June 18, 2006
June 18, 2006
June 21, 2006
11.1382.1 - 11.1382.7
Using Educational “Toys” to Recruit Female Students into an Electrical Engineering Technology Program
Recruiting is a major strategic area for many engineering and technology programs across the country. The recruitment of minorities and especially females is of high importance in these programs. As part of the recruiting initiative, a group of female Project Lead the Way students from area high schools attend a one-day workshop hosted by the College of Technology at Purdue University. The students attend various workshops hosted by the different departments within the college. The goal is to introduce the students to the various technology fields and the associated career within these fields. Once provided with this information, the hope is that the students will consider attending the College of Technology at Purdue University.
The Electrical and Computer Engineering Technology Department at Purdue University has employed the use of children’s educational toys and learning devices. An educational toy is created by the students when attending the Electrical Engineering Technology workshop. The project is based on a Leap Frog learning activity (Fridge Phonics™) which teaches children the letter names, letter sounds and learning sounds for the alphabet. The students are provided with a complete development environment for an embedded microcontroller which includes a digital speech device. The students complete the design of a toy that reads a decimal number between 0 and 9. When operated, the toy speaks the name of the number, and then spells the name for the user and repeats the name of the number. The students were successful at understanding the technical concepts required to complete the project and rated the workshop as excellent.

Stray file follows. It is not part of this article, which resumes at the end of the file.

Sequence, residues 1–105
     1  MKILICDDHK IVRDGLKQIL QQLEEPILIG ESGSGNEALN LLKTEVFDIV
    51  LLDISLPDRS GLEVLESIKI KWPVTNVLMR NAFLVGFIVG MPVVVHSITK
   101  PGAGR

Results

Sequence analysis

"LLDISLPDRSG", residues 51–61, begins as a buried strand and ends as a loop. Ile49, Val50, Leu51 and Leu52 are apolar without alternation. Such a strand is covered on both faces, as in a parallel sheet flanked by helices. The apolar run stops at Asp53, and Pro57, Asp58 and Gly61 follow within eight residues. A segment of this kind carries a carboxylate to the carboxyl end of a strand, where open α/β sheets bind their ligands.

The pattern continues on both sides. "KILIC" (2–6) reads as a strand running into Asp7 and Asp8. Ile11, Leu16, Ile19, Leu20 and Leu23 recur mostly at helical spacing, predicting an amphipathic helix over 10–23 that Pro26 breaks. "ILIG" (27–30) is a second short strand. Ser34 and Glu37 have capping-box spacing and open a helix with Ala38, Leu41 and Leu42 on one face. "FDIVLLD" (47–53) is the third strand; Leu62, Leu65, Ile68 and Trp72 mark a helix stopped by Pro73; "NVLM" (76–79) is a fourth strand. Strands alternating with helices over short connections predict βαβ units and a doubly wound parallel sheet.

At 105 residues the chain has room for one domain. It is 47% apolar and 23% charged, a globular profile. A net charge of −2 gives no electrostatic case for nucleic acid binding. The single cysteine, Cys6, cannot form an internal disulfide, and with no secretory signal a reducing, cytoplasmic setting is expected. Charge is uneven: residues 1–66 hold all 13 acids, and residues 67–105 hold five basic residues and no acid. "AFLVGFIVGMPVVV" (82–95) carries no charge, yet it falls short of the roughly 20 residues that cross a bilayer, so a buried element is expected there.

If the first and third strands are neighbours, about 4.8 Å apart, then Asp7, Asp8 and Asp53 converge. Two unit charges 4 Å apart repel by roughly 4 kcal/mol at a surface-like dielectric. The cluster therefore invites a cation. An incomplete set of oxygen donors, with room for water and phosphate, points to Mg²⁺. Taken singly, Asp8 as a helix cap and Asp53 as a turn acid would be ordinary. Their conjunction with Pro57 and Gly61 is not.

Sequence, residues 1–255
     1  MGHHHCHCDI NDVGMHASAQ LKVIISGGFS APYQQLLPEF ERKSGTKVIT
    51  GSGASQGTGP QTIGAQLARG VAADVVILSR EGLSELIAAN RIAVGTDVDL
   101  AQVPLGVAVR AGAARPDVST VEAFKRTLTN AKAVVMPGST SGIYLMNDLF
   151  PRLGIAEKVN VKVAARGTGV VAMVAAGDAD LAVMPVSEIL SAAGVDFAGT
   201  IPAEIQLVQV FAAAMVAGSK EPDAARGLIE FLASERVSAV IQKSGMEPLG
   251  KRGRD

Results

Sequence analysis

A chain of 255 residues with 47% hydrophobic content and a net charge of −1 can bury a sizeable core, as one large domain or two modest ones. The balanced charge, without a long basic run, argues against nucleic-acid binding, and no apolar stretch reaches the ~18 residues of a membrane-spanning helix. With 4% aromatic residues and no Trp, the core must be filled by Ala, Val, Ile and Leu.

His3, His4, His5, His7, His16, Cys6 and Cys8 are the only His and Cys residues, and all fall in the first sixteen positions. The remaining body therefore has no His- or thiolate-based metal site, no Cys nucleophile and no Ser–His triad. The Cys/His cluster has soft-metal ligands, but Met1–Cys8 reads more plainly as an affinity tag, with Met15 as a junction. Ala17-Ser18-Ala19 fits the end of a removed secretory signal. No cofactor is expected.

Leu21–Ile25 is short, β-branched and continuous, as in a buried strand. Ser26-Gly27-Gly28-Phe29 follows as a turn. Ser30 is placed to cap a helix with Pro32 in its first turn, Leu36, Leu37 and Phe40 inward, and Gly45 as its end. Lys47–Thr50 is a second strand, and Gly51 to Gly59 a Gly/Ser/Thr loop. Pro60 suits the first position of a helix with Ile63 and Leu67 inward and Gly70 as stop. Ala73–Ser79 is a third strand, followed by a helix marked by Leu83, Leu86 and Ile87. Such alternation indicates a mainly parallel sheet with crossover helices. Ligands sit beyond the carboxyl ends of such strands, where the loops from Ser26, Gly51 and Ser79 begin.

The College of Technology based its Project Lead the Way workshop by incorporating three related ideas: helping female students to build their confidence in technology, providing a hands-on opportunity to explore engineering, and highlighting technical careers. The students who attended the workshop would gain insight on technical fields that they may not have previously considered.
Several articles have been written regarding females’ interest in technical careers 1,2,3,4. The level of interest a student may have for engineering can be understood by studying the differences in male and female learning styles. These differences typically become evident at a young age. As children, girls and boys typically play with different types of games; girls play in a way that accentuates relationships while boys are involved with games that emphasize building1. As these youngsters enter classes that are specific to
Richardson, J., & Toner, E. (2006, June), Using Educational “Toys” To Recruit Female Students Into An Electrical Engineering Technology Program Paper presented at 2006 Annual Conference & Exposition, Chicago, Illinois. 10.18260/1-2--853
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